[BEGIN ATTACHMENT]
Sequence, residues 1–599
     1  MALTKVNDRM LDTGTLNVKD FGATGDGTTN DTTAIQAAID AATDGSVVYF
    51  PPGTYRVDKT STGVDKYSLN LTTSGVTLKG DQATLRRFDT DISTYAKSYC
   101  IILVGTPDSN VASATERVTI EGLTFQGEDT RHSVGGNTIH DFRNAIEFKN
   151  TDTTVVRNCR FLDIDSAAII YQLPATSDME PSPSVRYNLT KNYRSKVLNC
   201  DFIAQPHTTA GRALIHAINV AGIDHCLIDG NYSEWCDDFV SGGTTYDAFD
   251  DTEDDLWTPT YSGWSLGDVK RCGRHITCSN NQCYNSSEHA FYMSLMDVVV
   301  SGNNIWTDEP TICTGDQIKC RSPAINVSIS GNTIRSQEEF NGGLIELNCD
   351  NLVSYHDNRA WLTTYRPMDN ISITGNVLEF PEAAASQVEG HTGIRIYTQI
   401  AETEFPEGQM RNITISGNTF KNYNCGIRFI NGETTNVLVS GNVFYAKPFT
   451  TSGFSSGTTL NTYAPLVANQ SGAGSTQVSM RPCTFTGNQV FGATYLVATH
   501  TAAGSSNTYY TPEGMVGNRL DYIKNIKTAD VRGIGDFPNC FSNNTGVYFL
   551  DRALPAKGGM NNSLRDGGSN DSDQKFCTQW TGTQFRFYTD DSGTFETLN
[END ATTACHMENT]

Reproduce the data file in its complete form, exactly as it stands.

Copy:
Sequence, residues 1–599
     1  MALTKVNDRM LDTGTLNVKD FGATGDGTTN DTTAIQAAID AATDGSVVYF
    51  PPGTYRVDKT STGVDKYSLN LTTSGVTLKG DQATLRRFDT DISTYAKSYC
   101  IILVGTPDSN VASATERVTI EGLTFQGEDT RHSVGGNTIH DFRNAIEFKN
   151  TDTTVVRNCR FLDIDSAAII YQLPATSDME PSPSVRYNLT KNYRSKVLNC
   201  DFIAQPHTTA GRALIHAINV AGIDHCLIDG NYSEWCDDFV SGGTTYDAFD
   251  DTEDDLWTPT YSGWSLGDVK RCGRHITCSN NQCYNSSEHA FYMSLMDVVV
   301  SGNNIWTDEP TICTGDQIKC RSPAINVSIS GNTIRSQEEF NGGLIELNCD
   351  NLVSYHDNRA WLTTYRPMDN ISITGNVLEF PEAAASQVEG HTGIRIYTQI
   401  AETEFPEGQM RNITISGNTF KNYNCGIRFI NGETTNVLVS GNVFYAKPFT
   451  TSGFSSGTTL NTYAPLVANQ SGAGSTQVSM RPCTFTGNQV FGATYLVATH
   501  TAAGSSNTYY TPEGMVGNRL DYIKNIKTAD VRGIGDFPNC FSNNTGVYFL
   551  DRALPAKGGM NNSLRDGGSN DSDQKFCTQW TGTQFRFYTD DSGTFETLN